Two other examples rise to my mind, as I am writing this, to exemplify the way in which many things work together for the collector's
|profit. Some years ago I picked up at Washington a vellum bound History of Italy, a dumpy duodecimo, chiefly valuable for the engraved heads of all the sovereigns from down to 1500. I never saw a copy before, and I have seen but one since. Getting interested in books on London, I exchanged, somewhat reluctantly, this History for a coveted work in that line. I am a frequenter of paper-mills, a snapper-up of unconsidered trifles from the great bales of old books and papers brought from over-sea to be converted into clean American stationery; and on a visit to one of my mill-haunts, the first book which tumbled out of a bale there opened was a History of Italy in finer condition than the one I had exchanged. The other illustration is of more recent date. One of my legal friends has long had it in mind to purchase a certain standard law-book written by the chief English authority on the subject which it discusses. But in his many visits to the city, he has never seemed to accomplish this; and probably he could not tell why he has entered dozens of bookstores and left them with the purchase still unmade. A few days ago, he saw a copy of|
|this book lying on an old book-stall at a shop-door. To examine it was the work of a moment; to buy it required only a few seconds, for his quick eye detected that it was a presentation copy, charmingly bound, of a first edition, and that it had been sent from its eminent English author to the highest legal authority of the day in New England, whose autograph still attested his appreciation of the gift.|
Once more: the Collector learns the immense value which trifling things, almost useless as individuals, assume when studied in large, orderly and complete series. Nothing would seem more worthless than scraps of pottery, -not the perfect jugs and vases, but such potsherds as served Job in his cutaneous misery, or furnished the Hebrew prophets with effective symbols of contempt. Yet a collector of these from the rubbish heaps and the dust-bins of the world could assist in demonstrating a law which is just being worked out, the Evolution of Ornament, a remarkable example of Mr. Darwin's theory; while the investigation of their materials. firing and glazing might add another chapter to the keramic art. And Paleaographists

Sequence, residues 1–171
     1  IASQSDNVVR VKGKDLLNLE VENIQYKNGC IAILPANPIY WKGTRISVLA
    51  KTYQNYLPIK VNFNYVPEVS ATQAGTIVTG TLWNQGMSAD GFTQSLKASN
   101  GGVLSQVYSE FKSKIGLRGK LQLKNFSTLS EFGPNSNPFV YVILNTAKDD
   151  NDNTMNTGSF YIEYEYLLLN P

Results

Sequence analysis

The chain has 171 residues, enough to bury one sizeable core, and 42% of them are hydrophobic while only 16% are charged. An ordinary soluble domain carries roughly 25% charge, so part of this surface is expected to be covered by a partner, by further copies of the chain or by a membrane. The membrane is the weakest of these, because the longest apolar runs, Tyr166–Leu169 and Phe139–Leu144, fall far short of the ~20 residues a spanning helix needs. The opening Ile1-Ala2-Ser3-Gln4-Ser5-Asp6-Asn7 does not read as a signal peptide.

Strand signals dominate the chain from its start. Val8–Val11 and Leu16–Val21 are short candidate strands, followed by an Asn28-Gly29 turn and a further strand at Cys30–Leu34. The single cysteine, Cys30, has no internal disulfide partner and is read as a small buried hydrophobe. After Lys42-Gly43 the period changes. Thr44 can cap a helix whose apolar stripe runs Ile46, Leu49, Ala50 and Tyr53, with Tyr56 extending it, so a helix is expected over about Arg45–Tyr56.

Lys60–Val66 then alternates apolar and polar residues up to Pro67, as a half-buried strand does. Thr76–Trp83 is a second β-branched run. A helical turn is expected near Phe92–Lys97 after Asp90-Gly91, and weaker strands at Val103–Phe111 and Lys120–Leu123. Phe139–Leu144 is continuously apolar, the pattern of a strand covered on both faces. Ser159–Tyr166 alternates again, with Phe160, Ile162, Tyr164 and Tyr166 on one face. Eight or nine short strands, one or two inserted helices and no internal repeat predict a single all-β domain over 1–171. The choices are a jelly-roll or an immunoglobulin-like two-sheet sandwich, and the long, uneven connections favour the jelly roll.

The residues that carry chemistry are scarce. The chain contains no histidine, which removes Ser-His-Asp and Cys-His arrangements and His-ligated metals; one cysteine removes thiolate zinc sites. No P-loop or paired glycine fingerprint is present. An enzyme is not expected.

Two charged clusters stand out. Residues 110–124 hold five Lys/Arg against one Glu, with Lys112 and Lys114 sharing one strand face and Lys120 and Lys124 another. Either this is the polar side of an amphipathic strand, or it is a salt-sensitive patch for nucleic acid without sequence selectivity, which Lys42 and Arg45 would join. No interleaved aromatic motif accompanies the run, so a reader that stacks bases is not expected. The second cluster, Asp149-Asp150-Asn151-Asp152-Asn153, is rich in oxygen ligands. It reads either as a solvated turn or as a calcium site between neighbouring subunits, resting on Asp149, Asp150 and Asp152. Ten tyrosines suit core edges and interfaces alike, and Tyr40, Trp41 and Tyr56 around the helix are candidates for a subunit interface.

|are well aware that many ancient examples of writing are to be found on bits of crockery used exactly as scraps of paper are with us. In fact, many interesting and precious specimens in these vast series|
|all civilized men in the most perfect state of security and order. And I know that a collection of the types of those buttons would illustrate, better than most histories, the affairs of fashion, civic and police establishments, the importation of foreign fancies, the organization of railroads and the steps of the art of design in America. A soul above buttons" may not be the best thing, after all.|
Still again; until you become a collector, you can never know in its full force the fact of the richness and fullness of even the narrowest corner of creation in which you may exercise your art. The microscope sees an ocean in a drop and a world in a pinch of dust; and the eye at the lens will grow old before their marvels are exhausted. So, in the most limited sphere, the Collector grows into astonishment at its ever widening possibilities. The new is found to be old; all published catalogues and manuals are seen to be incomplete, and every collector must be his own authority. Then too, he discovers that what he had supposed to be made in a few ways or on a few types, has, in reality, in the ever active inventiveness of man, received a kaleidoscopic complexity. The
|most famous hammer-maker of this country, an old Welshman, who died only a few years ago, conceived the idea of a museum of hammers, from the vine-handled stone of the savage to the productions of his contemporaries and rivals; and many were the hammers, rough and polished, clumsy and effective, which he had to show. It was hard to believe that so many forms, each representing somebody's idea of improvement on an ancestral hammer, had been evolved from the inner consciousness of the race. Try once to collect anything, if only pins or visiting-cards, and it will seem to you as if the intellect of universal man had been employed to produce only the exact thing on which you concentrate your attention.|
The fervor of the Collector not unfrequently reaches a height which deserves to be called heroic. Twenty-one years ago, a pleasant gossipy volume The Bric-a-Brac Hunter was published by Major H. Byng Hall, who spent most of his life in the service of the English Crown as a "Silver Greyhound" or King's Messenger. His duties, of course, carried him all over the world; and in every country, all his leisure seems to